Unfortunately her nightmare is far from over as barely a moment after the masked killer went overboard Jess hears yelling coming up from the ocean, and when she looks over the side she sees the overturned yacht with Greg, Sally, Downey and herself standing on it. This “new” group board the ocean liner while Jess, the survivor from the first group, becomes the unseen watcher that the original group were tracking. She is the one who dropped the keys for her earlier self to find, and she was the one to encounter Victor and is responsible for his bloody appearance as she accidentally slams his head onto a small wall hook, which is what set him off on his bloody revenge attempt that we saw earlier. Jess flees into the bowels of the ship where she finds a locker full of dozens of duplicates of the shooter’s outfit, the shotgun, and numerous copies of a note in her handwriting stating “If they board kill them all.” She also drops her locket down a grate onto a pile of what appear to be dozens of exact duplicates of said locket. This is what really cements the fact that the loop she is currently stuck in may have been going on for quite some time, but it is when Jess runs into another version of herself that things really start to go crazy.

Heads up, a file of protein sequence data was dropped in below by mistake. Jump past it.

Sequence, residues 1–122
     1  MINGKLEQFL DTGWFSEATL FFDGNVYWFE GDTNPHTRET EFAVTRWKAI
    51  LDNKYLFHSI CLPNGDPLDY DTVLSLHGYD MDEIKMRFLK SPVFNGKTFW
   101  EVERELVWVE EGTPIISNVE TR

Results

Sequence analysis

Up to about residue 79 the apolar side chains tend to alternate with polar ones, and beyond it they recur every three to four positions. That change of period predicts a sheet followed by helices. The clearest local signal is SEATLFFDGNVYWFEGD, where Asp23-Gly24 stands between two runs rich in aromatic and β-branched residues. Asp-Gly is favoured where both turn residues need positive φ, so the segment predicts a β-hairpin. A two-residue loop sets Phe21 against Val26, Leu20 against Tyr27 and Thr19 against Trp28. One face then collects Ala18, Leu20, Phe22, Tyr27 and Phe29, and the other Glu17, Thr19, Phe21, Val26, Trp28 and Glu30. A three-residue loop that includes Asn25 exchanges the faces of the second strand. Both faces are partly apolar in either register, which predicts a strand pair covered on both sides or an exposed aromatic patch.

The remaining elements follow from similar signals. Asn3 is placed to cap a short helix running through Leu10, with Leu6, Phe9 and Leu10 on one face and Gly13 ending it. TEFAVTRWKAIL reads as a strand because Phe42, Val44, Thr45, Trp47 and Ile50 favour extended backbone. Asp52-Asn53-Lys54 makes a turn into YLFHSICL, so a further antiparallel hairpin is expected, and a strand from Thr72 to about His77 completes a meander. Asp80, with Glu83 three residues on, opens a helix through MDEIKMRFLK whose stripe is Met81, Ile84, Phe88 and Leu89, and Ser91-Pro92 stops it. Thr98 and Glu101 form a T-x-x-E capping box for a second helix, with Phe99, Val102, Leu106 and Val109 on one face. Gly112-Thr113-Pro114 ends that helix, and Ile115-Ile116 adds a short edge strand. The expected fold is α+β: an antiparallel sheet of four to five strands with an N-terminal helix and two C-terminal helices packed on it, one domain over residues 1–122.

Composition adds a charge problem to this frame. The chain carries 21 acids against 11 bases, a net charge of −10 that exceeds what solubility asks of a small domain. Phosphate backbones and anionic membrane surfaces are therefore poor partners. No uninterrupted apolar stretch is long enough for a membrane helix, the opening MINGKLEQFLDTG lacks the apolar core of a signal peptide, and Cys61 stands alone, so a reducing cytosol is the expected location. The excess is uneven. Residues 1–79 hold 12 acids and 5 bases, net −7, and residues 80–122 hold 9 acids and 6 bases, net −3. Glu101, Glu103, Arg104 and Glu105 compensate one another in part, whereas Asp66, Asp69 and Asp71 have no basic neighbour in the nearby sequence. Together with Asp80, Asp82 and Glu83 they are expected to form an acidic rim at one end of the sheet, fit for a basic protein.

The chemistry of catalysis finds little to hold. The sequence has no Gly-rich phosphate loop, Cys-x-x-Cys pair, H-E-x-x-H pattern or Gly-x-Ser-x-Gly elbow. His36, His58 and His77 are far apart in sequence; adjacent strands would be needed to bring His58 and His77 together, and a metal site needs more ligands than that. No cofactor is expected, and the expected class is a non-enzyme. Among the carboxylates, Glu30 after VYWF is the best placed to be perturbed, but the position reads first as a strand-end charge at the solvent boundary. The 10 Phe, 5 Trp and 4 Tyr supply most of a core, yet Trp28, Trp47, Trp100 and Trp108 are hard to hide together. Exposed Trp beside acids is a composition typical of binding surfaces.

I will go no further with spoilers as this a very dark and twisted in the vein of a good Twilight Zone episode, and I hope I’ve said enough to at least wet your appetite without ruining the experience. Christopher Smith has constructed a very labyrinthine tale that though it deals with time loops is not really a science fiction story as it fits more into the genre of dark fantasy/horror, which kind of absolves some of the film’s inconsistencies in its time loop element as those very same inconsistencies could be elements showing the loops more sinister nature. Triangle is also one of those films that can really benefit from a second viewing in the same vein that The Sixth Sense and The Prestige are just as good on repeated viewings; the movie works just as well when you know where the story is going because this allows you to pick up on things you missed the first time around. Triangle is a very atmospheric piece, and the director really knows how to keep the audience at the edge of their seat here, but without the stellar performance provided by Melissa George it probably wouldn’t be nearly as compelling. I don’t think there has ever been a “Final Girl” as captivating nor as complicated as the one found here and much of that is due to Melissa’s performance. I can’t recommend this film enough.